On tour: Michael in Iceland
I’m in the second week of a month-long artistic residency at the Fjúk Art Centre in Husavik, Iceland. I’m exploring ideas generated by being here, in this place, at this time: my two works so far have been inspired by daylight variation by latitude and time (we’re just 50 km from the Arctic Circle, and the spring equinox has just passed), and by the solar eclipse which we saw last week.
Husavik is a small, remote town and I have lots of time to work on my art: I’m able to take that time thanks to my extraordinarily talented colleagues back in Australia and around the world, working from Canberra and Melbourne and Sydney and Newcastle and Kyneton and Thailand and the Philippines and New Zealand and Laos, thanks to having systems set up where we can communicate and share ideas and work across time zones and distance. A decent laptop and smartphone and a local SIMM card and Slack and Basecamp and Dropbox and Gmail make it possible to make a useful contribution from anywhere with access to the internet.
My days are simple. I wake up and the weather tells me if it’s possible to go for a run or a walk: about half the time, it’s snowing or too windy or some combination of both. Then to the bakery for some breakfast, and into the studio, which is a converted fishing coop: my studio is a disused fish refrigerator.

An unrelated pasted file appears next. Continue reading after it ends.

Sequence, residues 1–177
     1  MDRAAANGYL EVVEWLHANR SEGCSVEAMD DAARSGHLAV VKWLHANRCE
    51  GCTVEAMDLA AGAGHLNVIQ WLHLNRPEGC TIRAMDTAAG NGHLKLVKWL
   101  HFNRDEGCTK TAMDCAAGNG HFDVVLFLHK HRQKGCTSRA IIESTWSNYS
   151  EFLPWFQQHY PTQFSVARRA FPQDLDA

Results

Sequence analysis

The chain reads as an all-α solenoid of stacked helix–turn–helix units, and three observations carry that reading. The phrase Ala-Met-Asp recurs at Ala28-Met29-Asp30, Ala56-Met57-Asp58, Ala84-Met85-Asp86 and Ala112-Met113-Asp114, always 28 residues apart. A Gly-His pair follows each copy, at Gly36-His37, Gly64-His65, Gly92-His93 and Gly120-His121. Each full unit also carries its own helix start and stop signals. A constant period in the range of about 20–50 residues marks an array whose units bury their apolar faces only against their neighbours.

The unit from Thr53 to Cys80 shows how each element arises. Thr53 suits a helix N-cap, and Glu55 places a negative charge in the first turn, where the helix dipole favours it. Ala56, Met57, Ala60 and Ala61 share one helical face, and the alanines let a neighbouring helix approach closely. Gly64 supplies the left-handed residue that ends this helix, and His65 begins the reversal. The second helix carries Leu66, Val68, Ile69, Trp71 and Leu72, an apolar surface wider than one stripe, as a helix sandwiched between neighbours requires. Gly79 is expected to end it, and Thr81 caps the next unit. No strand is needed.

And then I work. My main tool is the open-source visual design framework Processing, and that’s a deliberate choice: it’s a tool I’ve used for years, one I’m familiar with. I’m here to do art, not to learn a new technology: I want to be able to express my ideas, not fight a new application. In a field where new frameworks and languages appear regularly, it’s hard to know what to pick up and what to leave on the table. Will this new tool make me more productive, better able to express myself? Or will I spend more time adapting my thinking to the new techniques than I will actually performing what I came here to do? On the other hand, having deep expertise in an obsolete technology is both a cause for regret and leaves you open to the sunk-cost fallacy: at some stage, you have to let techniques go and learn new ones. Navigating those tensions is essential to long-term success in an evolving field.
I plan to complete three or four projects while at Fjük. So far I’ve done two:
Diurnal is an exploration of a mathematical object, a three-dimensional visualisation of the amount of daylight by day-of-year and latitude. Live-rendered flybys are projected on the wall, filling the viewer’s vision. The effect is powerful at large size, and I’ve sent some frames off to be printed on glass. I’m planning to add some synthesised audio for an exhibition at the end of the month.
Orrery is prompted by the solar eclipse: it’s a two-dimensional three-body system with parametric variation of orbital periods, radial distance and element size. Exploring the parameter space gives rise to interesting variations, even within a limited range of options. I can create an arbitrary number of unique figures, from which I’ll print thirty or forty as well as giving a talk and showing animations.
At the end of the day, I either cook myself a small meal or, more likely, have a meal at the pub ten metres from the studio: I think, read and write. Then off to bed, at which time the Australian team is just coming into work: I spend an hour or two with them on Slack, then to sleep. It’s a good life. I miss my partner K and my everyday interactions with people I know – but on the other hand I get to work intensively on something I love in a wild arctic landscape.